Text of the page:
The third thing you can do is, let go of the mindset, I am what I accomplish, and how well I accomplish it. Authenticity is a practice that you choose every day, by letting go of what other people think. Many times, this is the thing that keeps us from trying new things, because we know that when we start, well, we’re gonna suck, probably right? So, treat new opportunities, new experiences, treat it like a rough draft. Everyone stinks at something the first time they try it. It’s very rare for someone to go and try something, and do it extraordinarily well the first time. But trying something is the first step at being good at it. So, I want to encourage you to let go of that mindset, of you’re only what you accomplish and how well you accomplish it.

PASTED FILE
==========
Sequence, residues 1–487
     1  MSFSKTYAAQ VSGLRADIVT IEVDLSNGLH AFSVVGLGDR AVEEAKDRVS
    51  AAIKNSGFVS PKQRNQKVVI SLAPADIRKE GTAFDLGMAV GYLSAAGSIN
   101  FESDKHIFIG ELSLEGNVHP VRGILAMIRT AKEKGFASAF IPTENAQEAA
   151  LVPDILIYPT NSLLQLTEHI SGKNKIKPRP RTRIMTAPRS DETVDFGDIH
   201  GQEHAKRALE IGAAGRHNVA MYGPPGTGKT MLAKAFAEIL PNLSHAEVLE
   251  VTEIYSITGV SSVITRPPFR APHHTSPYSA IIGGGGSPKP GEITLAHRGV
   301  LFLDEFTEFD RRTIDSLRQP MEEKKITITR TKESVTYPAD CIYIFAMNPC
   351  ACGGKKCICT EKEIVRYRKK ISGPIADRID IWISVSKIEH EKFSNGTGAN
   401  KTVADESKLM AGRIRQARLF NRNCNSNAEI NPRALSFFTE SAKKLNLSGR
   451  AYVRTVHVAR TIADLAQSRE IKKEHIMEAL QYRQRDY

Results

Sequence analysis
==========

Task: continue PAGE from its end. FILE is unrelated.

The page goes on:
The fourth step is do a reality check. Ask yourself these questions. Are my expectations attainable? Are my thoughts factual, or are they interpretations? Am I jumping to conclusions? Is this situation really as bad as I’m making it out to be? Spoiler alert … It’s probably not. I am guilty of that a lot. Ask yourself, what’s the worst thing that could happen? How likely is that to happen? And here’s a great one. Will this matter in five years? At a pivotal moment in my life, will this moment actually matter? I’m guessing that a lot of times, you’ll answer no.
The fifth step, is keep note of your accomplishments. Write down what you get done, at the end of each day. You’ll start to feel more accomplished, regardless of whether those things turned out perfectly, or not.